Hurricane Isabel cut a huge swath of destruction through North Carolina and Virginia, taking 38 lives, knocking out power for more than a week in some areas and damaging crops and property.
Virginia's Gov. Mark Warner called the hurricane “the worst storm in a generation.” President Bush declared Virginia, Maryland, Delaware, Washington, D.C. and North Carolina eligible for federal disaster relief.
In North Carolina alone, the Category 2 hurricane did more than $152 million damage to agriculture, according to a preliminary tally of 35 counties issued on Sept. 26 by the North Carolina Department of Agriculture. An already-late cotton crop sustained the most damage at more than $53 million. Soybeans had more than $26 million of damage. Tobacco had losses of more than $9 million; peanuts, more than $8 million; and corn, more than $6 million.
Fruits and vegetables took a hit of more than $13 million. Livestock producers were spared the huge losses they experienced in 1999 hurricanes, but still chicken producers lost $162,554. Almost $34 million in damage occurred to farm structures. (An update is available on the North Carolina Department of Agriculture's Web site at www.ncagr.com.)
The devastation affected huge numbers of people in eastern North Carolina and Virginia. More people died in Isabel than from the Category 5 hurricane Andrew in 1992. Twenty-three people died in Virginia; at least seven Maryland.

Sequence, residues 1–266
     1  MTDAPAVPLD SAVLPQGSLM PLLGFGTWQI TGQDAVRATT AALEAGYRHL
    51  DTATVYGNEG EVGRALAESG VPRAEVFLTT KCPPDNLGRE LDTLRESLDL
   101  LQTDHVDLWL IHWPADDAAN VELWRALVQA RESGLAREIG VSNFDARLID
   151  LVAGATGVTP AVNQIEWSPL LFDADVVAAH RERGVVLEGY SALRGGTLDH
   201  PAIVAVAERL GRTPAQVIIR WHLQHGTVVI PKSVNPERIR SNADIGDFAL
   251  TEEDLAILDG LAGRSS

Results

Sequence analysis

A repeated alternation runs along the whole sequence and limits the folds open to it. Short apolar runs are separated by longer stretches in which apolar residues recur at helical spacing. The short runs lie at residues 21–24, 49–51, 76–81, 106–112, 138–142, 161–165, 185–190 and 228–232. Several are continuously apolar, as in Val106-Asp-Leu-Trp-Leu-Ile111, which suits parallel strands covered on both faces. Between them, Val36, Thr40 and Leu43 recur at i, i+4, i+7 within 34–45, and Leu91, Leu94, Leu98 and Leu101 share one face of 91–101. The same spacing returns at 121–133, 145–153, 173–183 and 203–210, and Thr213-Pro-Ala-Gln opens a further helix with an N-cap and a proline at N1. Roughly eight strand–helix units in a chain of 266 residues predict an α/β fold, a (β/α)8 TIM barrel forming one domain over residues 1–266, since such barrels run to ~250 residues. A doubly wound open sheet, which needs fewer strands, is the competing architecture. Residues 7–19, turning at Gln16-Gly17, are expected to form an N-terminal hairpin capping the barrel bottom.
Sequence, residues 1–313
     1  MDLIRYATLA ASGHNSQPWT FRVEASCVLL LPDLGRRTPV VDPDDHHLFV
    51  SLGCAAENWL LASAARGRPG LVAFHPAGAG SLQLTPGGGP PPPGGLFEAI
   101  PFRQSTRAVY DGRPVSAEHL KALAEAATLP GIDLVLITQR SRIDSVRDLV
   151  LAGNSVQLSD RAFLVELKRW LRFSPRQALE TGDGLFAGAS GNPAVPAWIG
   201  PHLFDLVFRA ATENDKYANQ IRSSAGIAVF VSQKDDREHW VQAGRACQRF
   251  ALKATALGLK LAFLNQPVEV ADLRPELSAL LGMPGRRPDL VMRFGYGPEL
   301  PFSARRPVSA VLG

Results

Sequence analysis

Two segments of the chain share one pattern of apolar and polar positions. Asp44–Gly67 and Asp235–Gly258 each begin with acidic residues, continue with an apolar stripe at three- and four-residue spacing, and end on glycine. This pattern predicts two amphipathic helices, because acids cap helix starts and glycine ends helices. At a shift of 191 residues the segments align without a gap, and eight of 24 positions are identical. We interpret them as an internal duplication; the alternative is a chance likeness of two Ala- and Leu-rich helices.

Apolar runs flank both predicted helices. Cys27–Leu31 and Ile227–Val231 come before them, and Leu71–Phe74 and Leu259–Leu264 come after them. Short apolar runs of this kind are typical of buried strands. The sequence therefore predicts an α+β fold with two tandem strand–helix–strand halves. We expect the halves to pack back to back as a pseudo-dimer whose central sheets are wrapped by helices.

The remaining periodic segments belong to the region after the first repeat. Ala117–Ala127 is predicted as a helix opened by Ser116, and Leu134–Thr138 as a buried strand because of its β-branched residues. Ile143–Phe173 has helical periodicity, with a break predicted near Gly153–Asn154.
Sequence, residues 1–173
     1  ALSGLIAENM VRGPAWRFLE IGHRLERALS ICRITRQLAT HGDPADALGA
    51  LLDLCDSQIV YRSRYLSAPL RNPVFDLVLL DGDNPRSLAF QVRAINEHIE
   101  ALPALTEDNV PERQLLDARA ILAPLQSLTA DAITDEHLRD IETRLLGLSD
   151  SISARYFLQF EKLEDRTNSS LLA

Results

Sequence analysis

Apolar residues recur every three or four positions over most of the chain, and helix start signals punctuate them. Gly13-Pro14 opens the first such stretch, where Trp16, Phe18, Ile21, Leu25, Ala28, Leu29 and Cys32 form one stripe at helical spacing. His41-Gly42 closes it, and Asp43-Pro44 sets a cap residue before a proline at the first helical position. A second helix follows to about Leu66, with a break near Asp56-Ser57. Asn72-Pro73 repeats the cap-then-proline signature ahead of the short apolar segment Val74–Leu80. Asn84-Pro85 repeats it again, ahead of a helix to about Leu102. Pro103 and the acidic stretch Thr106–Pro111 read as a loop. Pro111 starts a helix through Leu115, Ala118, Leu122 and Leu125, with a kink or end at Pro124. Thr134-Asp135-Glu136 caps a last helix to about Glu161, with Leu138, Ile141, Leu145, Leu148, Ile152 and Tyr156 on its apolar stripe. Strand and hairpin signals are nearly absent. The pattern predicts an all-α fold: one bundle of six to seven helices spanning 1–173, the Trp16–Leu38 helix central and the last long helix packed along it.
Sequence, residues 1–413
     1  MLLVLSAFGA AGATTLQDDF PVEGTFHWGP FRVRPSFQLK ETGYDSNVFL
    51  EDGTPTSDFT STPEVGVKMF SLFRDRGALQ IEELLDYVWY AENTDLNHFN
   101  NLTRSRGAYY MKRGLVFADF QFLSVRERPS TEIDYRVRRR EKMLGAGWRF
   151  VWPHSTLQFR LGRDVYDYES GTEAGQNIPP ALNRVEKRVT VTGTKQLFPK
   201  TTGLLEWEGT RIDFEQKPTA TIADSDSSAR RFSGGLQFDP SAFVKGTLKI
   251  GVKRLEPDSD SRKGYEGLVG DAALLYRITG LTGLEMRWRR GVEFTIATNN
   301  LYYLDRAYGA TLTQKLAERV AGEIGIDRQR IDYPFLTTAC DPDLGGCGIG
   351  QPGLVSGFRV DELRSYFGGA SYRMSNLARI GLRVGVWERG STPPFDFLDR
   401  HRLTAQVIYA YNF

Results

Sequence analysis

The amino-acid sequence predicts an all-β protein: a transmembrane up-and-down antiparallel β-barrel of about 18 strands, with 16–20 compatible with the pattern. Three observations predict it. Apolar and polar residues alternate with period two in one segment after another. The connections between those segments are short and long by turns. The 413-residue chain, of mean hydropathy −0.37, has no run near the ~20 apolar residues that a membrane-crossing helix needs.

Houses were destroyed and people's lives uprooted. In Bertie County, N.C., almost 80 percent of homes were damaged. Bertie County had damages upwards of $15 million. Hyde County, N.C., had damages more than $13 million. Four North Carolina counties had damages of more than $10 million. Twelve-foot surges slammed Edenton, N.C.
Out in the field, county Extension agents worked to help assess the damage. Southeast Farm Press caught up with Mac Gibbs, a Hyde County Extension agent, on his cell phone six days after the hurricane hit.
“We had 18 inches to 2 feet more flooding than we had with Floyd,” Gibbs says. The crops look like they've been scorched.
He was concerned about boll rot and seed sprout in the cotton.
The storm passed over the largest production areas of cotton, peanuts and soybeans in North Carolina
Damage was sustained to peanut infrastructure, said Bob Sutter, CEO of the North Carolina Peanut Producers Association.
A week after the hurricane hit, cotton farmers attended the Blackland Cotton Tour on the farm of Gary Respess in Beaufort County. The cotton was tangled from high winds.
Beaufort County Extension Agent Gaylon Ambrose said the damage in his county wasn't anything compared to one county over in Hyde. “There, it looks like a war zone.”
Once Isabel came ashore, she continued on a path through eastern North Carolina and into Virginia.
Many Virginia farmers were reeling a week after the hurricane passed. Heavy rains added to problems.
Information on disaster assistance for farmers and ranchers is available at the county Farm Service Agency.